Monday, March 21, 2016

Tell what bothers us, when it bothers us and not waiting until it's too late


Usually, when something bothers me, irritates or hurts, I say it immediately. Expressing this discomfort helps me to get rid of it, or at least in part. On the contrary, if I don’t speak, I end up feeling doubly bothered.

Obviously, not all the people react the same way. Some prefer to remain silent. But the point is that the best time to indicate that something is bothering you is right now. If you wait it may be too late, and you'll end up recriminating yourself for what you didn’t say or do, getting you into a vicious circle of thoughts that hurts.

Why is it so important to immediately express our discomfort?

- Because no one should make us feel bad. If someone exceeds our limits and makes us feel bad, we shouldn’t allow him to continue. In fact, as son as we approach it the better is, so to not throw more “fuel on the fire” of negative emotions. Remember that no one can hurt you without your consent, so don’t give it to him.

- Because it is important to exercise our rights. We all have certain basic rights that others shouldn’t breach. If a person ignores us for no reason, behaves aggressively or humiliates us, we have the right to stop him.

- Because is the fastest way to solve a problem. An old saying says that “when the donkey falls is beaten with a stick”. When we indicate a behavior that bothers us, the question usually doesn’t assumes bigger proportions, everything is resolved and that's it. On the contrary, if we remain silent, but outraged, we will continue to carry the issue with us.

Remember, everything that bothers us and we keep silent grows within us. If in a relationship we swallow a bitter pill after another, anger and frustration will eventually explode in the most inopportune moment and will make us say or do things that we’ll regret.

The ability to assert yourself without hurting others

Assertiveness is a skill that allows us establish ourselves without harming others. When we’re assertive we defend our rights and express what we feel without hurting the feelings of the people around us. It means we defend our own space respecting the space of others.

The problem is that when something bothers us we get quickly irritated, angry or frustrated. Then we let emotions speak for us, and claiming our rights, we end up attacking the others. Instead of self-affirm ourselves we end up attacking, and that's not the goal.

For this reason, when something bothers, irritates or hurts us, we should try to be as much assertive as possible. Take a step back, metaphorically speaking, and try to disconnect from your emotions, trying to turn yourself into an outside observer. Only then you can express what you don’t like.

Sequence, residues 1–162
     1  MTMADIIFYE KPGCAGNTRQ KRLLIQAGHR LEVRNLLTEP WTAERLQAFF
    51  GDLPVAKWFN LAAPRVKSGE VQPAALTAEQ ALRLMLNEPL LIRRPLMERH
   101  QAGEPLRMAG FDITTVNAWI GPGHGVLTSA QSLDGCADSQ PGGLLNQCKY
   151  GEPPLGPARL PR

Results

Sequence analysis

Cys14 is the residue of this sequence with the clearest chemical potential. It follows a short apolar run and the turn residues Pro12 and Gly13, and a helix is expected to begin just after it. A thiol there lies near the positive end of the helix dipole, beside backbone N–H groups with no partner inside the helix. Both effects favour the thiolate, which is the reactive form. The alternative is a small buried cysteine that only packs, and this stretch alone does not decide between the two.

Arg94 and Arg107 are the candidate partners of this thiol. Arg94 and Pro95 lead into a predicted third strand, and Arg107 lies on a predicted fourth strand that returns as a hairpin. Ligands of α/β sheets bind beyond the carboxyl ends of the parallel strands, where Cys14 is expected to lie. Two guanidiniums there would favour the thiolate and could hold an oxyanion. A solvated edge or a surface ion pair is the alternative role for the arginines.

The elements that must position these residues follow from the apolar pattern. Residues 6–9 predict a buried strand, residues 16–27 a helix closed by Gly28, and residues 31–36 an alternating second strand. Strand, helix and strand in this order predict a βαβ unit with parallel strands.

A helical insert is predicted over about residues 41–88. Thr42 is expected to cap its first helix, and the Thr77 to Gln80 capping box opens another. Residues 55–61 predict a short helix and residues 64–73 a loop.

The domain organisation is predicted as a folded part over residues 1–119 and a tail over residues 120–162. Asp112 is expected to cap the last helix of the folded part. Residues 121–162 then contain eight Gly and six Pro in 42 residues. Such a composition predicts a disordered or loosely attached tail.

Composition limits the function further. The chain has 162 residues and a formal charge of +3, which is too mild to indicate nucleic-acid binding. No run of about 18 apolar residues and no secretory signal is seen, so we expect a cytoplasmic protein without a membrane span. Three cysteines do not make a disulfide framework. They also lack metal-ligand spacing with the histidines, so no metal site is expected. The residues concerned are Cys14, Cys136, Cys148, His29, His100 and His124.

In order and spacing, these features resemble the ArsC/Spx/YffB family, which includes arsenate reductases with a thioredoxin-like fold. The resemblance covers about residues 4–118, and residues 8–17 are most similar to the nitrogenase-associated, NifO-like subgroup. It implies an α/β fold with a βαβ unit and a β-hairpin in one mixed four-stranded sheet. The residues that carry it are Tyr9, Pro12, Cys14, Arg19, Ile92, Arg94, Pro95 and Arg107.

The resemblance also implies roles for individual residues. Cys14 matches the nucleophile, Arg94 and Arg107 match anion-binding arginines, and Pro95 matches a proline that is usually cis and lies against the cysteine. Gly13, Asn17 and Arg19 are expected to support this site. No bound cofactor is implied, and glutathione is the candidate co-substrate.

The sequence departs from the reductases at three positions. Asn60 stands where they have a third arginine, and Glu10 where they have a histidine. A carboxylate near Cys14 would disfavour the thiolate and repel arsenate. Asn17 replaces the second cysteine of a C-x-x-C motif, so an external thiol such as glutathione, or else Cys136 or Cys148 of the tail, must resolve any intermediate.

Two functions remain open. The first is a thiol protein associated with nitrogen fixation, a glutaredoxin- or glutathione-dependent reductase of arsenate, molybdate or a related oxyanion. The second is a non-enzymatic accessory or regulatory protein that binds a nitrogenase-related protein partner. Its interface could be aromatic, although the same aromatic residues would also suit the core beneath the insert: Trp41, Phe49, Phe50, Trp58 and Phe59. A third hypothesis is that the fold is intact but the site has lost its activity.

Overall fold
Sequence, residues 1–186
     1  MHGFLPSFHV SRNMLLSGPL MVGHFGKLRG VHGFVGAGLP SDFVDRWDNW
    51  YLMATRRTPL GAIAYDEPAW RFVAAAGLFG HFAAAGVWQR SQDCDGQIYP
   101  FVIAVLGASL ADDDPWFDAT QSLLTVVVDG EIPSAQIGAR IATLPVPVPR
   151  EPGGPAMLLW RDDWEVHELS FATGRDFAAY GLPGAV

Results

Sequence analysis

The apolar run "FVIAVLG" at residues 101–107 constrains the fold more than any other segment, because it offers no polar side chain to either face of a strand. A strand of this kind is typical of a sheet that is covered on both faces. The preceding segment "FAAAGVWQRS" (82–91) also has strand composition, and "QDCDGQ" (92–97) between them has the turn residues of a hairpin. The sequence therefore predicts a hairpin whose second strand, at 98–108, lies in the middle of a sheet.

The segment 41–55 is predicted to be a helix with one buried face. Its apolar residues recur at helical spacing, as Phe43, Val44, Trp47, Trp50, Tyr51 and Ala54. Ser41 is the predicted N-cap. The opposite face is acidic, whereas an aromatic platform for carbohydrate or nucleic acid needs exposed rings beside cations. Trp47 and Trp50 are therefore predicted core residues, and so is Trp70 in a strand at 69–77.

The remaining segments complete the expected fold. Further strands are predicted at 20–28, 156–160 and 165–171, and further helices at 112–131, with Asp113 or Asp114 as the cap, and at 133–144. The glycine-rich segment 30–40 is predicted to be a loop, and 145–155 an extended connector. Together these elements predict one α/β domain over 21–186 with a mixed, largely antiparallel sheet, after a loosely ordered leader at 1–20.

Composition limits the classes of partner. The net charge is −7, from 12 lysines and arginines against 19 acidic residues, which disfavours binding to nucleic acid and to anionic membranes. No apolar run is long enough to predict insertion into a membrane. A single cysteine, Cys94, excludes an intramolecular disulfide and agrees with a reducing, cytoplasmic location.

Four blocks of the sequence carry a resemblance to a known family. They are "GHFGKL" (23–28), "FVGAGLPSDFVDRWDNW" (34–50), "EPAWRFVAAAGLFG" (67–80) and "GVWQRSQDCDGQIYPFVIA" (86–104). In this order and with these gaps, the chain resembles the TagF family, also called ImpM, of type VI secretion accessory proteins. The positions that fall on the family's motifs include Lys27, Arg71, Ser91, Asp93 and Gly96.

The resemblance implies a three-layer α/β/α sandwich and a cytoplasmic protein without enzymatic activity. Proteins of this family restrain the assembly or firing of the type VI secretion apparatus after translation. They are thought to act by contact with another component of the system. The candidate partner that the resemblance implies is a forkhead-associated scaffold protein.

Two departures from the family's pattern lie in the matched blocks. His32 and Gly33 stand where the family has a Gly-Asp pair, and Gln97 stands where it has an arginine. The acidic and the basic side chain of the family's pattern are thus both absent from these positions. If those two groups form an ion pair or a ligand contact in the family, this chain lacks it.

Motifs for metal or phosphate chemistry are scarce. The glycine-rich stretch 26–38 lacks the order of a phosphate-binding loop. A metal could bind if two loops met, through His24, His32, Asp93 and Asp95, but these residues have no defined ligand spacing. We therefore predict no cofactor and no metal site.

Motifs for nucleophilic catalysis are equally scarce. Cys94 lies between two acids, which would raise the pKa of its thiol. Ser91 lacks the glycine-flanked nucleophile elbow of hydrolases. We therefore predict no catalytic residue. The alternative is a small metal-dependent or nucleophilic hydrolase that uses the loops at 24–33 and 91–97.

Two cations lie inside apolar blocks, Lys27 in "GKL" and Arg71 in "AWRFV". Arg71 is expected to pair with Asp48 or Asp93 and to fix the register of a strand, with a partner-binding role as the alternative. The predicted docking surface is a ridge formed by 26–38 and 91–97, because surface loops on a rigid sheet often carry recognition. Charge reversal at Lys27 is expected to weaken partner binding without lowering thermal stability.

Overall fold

For example you might say “I don’t like you to scream, it makes me feel uncomfortable. I think we will understand better each other if you lower the voice”. This way you don’t only express your discomfort, but also offer a solution.

When you act with equanimity the other person realizes that exceeded certain limits. In fact, it is likely that he did it accidentally. But if you get irritated and raise your voice, you only get the situation to deteriorate rapidly.

5 rules to express what bothers you

1. Use expressions that highlight how you feel, like, “I want...”, “I like...” or “I feel...”. This way you’re able to establish a deeper emotional connection with the other person. For example, instead of saying “I'm tired to hear you screaming”, you can say, “I don’t like you to scream to me, when you do it I feel bad”.

2. Recognize the positive aspects of your partner. It doesen’t mean you always have to praise him, but you can highlight his positive qualities, so to turn him more receptive to the message. For example, you can say “Normally you're very quiet, but now you're screaming…”

3. Do not use reproaches, irony or contempt. If you want others to respect your rights it is necessary you respect theirs. This means that we should treat others as we would like to be treated. Don’t use humiliation, recrimination and sarcasm to hurt your partner. These are low blows that would not make you a better person and do not lead anywhere.

4. Be concise. Many people are afraid of losing the approval of others, so they end up going around the point without reaching a solution. If something bothers, worries or makes you anxious, make it clear immediately. Don’t be afraid to express your opinion. In fact, it is better be direct to not give rise to misunderstandings. For example, instead of saying “you always act like a…” you can be more specific saying “it bothers me that you scream”. Remember, you don’t have to attack the person, but underline a behavior or attitude that you don’t like.

5. Provide a solution. We often express how we feel, but we’re unable to see a way out, then we enter a dead end. In fact, we should consider that probably our interlocutor feels too overwhelmed or frustrated. So whenever we indicate something that disturbs us, it would be appropriate to propose a solution and indicate another way of doing things. For example, you could say “I don’t like you to scream. I suggest we go out for a walk and talk quietly”.


Keep feeding your neurons

Tell what bothers us, when it bothers us and not waiting until it's too late

Jennifer Delgado Suárez

Psicologist by profession and passion, dedicated to string words together. Discover my Books


Psychology as you never heard about...

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